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Lessons from a yachtswoman: Paula Reid to ski to the South Pole

Posted: Oct 21, 2014 06:36 pm EDT


(Correne Coetzer) In November British adventurer, motivational speaker and leadership developer, Paula Reid, is exchanging the endless open waters and waves of the oceans for the endless frozen horizons and sastrugi of Antarctica.


Paula is part of the ANI team, who will start at the Ronne-Filchner Ice Shelf (Messner Route). ExplorersWeb caught up with her on a training weekend with Steve Jones, coordinator for participants in ANI Ski South Pole Expeditions, and Robert Smith, Everest guide turned South Pole guide.


Paula shared with ExWeb what she has learned at sea that she will take to Antarctica to help her cope with the challenging conditions:


"Sailing around the world in the Global Challenge - the world's toughest yacht race - has certainly semi-prepared me for the Ski South Pole full distance expedition. This is in various ways:


1) Psychological: attitude is (almost) everything. I know I can do tough. I know I can dig deep. I know I can mentally, physically and emotionally deal with big, cold physical challenges. That's good to know and gives me a reference point and a confidence that I would not have had otherwise. 


2) Cold and windy weather coping strategies: I understand the impacts and effects of cold and very windy conditions. I know to keep hold of my gloves, to avoid loose ropes whipping in the wind, to maintain core warmth, to eat for fuel intake, to be efficient with admin, and so on. I am used to cold + windy + wet and have developed habits to survive. ”The South Pole is a desert, so the 'wet' bit is less of a concern!


3) Teamwork and fellowship: I have lived with 17 others on a 72' boat for 54 days at a time, so I have also strategies for coping with the people side of things! How to live in close confines with strangers under taxing circumstances... How to motivate and role model positive behaviours, how to develop teamwork and enhance team spirit, how to respond when things get 'tricky' and how to be a supportive 'follower' to a skipper /expedition leader. 


4) Mental preparedness and managing expectations: I kind of know what to expect. Not exactly - I haven't done Polar travel before - but things like flying to Chile, being around the southern oceans, food packing and rehydration, crisis prevention and management - even medical evacuations!"


According to Paula the expedition will take approximately 40 days and she will haul 65 kg. She leaves for Chile on November 14th. Paula's 3 team mates are two from the UK and one from Switserland.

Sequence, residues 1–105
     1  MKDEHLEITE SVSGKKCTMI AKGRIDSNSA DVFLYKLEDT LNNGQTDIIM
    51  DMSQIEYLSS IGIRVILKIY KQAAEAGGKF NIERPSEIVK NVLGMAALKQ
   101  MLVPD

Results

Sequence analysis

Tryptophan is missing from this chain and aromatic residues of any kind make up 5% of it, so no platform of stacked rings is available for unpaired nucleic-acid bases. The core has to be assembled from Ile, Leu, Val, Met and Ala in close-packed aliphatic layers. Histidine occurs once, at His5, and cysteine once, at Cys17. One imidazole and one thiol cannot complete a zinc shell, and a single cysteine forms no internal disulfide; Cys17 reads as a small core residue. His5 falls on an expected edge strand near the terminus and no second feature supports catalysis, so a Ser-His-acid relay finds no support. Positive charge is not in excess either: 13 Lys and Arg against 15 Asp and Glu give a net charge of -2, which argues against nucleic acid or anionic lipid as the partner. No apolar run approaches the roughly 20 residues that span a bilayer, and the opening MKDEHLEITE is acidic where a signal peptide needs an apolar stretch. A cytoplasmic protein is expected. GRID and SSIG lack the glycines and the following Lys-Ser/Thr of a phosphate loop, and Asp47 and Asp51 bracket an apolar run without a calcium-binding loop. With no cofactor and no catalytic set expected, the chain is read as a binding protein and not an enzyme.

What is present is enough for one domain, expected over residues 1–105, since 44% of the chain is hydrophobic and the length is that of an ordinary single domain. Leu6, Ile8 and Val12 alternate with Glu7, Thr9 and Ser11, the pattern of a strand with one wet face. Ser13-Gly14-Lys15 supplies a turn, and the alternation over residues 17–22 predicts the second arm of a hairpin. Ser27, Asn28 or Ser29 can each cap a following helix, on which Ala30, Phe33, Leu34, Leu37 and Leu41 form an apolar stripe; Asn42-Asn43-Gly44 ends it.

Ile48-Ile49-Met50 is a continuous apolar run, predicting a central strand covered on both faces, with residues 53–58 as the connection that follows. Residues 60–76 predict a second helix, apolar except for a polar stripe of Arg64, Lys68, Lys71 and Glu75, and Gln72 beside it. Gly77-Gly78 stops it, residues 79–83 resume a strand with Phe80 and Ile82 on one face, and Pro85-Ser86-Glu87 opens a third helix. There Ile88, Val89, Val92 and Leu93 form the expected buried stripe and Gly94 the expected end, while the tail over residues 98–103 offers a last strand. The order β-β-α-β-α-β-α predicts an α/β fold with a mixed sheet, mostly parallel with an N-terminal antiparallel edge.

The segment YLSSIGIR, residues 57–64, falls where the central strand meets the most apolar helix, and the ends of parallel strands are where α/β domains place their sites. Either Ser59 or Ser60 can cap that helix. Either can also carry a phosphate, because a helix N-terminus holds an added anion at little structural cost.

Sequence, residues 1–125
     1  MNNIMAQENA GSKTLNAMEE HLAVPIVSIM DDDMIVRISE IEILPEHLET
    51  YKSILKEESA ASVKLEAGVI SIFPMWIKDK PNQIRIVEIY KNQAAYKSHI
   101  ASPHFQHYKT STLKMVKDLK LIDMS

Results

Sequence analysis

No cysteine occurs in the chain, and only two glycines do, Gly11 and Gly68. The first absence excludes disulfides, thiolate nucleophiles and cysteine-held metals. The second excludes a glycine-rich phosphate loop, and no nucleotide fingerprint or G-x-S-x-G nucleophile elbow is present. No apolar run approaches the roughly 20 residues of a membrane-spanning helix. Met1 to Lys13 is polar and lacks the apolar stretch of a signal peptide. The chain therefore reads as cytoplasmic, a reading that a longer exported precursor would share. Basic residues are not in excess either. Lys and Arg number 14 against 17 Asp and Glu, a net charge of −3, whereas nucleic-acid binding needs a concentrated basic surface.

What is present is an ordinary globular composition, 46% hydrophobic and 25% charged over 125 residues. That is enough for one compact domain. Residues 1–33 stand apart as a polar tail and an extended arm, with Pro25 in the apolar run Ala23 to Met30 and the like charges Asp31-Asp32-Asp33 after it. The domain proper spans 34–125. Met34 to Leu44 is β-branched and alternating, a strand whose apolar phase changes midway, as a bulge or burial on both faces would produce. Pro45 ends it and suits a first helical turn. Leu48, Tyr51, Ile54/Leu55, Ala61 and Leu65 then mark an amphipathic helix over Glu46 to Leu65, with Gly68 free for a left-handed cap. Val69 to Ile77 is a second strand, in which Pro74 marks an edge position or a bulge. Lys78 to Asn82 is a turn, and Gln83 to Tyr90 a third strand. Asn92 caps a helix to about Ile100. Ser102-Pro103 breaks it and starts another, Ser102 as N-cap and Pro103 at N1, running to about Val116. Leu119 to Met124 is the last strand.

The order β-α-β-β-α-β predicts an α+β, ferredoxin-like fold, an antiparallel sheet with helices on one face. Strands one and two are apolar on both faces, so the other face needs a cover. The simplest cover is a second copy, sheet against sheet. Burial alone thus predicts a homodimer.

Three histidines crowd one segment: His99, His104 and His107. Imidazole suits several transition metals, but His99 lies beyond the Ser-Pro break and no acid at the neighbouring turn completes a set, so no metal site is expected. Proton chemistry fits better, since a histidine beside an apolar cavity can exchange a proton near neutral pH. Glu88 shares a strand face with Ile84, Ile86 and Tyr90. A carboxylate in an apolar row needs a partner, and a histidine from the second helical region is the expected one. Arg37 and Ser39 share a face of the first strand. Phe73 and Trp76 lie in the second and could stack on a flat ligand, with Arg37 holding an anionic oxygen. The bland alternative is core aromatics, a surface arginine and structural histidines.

Gateway port Punta Arenas, Chile, South America: 

To ALE/ANI base camp, Union Glacier 

79° 45'S, 083° 14'W


Full route start points:

Hercules Inlet is located at 80°S near Union Glacier, 1130 km from the Geographic South Pole.

The bottom of the Leverett Glacier, at the Ross Ice Shelf, is located at about 85ºS, a distance of 550 km from the Geographic South Pole.

The Ronne-Filchner Ice Shelf (Messner) start is 890 km in a straight line from the Pole.


1 nautical mile (nm) = 1.852 km

1 nm = 1.151 miles

1 knot = 1.852 km/h

1 degree of Latitude is 110 km / 60 nm / 70 miles

Sastrugi are hard snow bumps and can be as high as 10 feet

A nunatak is a top of a mountain visible above the snow surface.


South Pole of Inaccessibility 2011-12 position: 

S82°06.696, E055°01.951

Geographic South Pole: 90 degrees South




Geoff Wilson’s Top 5 South Pole Tips


ExWeb interview with Faysal Hanneche, "I learned to be patient on Antarctica"


Union Glacier start-up team to Antarctica


Rules and Regulations in No-Man's Land: ExWeb interview with ALE's Steve Jones


Mount Sidley, Antarctica’s highest volcano accessible to climbers


Polar Tech Week Roundup: 2014/2015 Recommendations


Your Smart Phone going Global: Review of Iridium Go


ExWeb Special: 2014 Polar Tech Roundtable Conference


A journey to the South Pole in a wheelchair


Antarctica video trilogy


Video: Second 2012-13 Ilyushin-76 flight lands at Union Glacier, Antarctica


AdventureStats and Rules of Adventure


Adventure Network International (ANI) / ALE

Antarctic Logistics Centre International (ALCI) / TAC


Paula Reid’s website













South Pole training = tyre pulling. Apart from the physical ability to cover the daily distances and the mental stamina to continue in extreme conditions, courage, stamina, technical skill, a high level of strength and aerobic fitness, and commitment to a pre-trip training programme are also needed, says Paula.
courtesy Paula Reid, SOURCE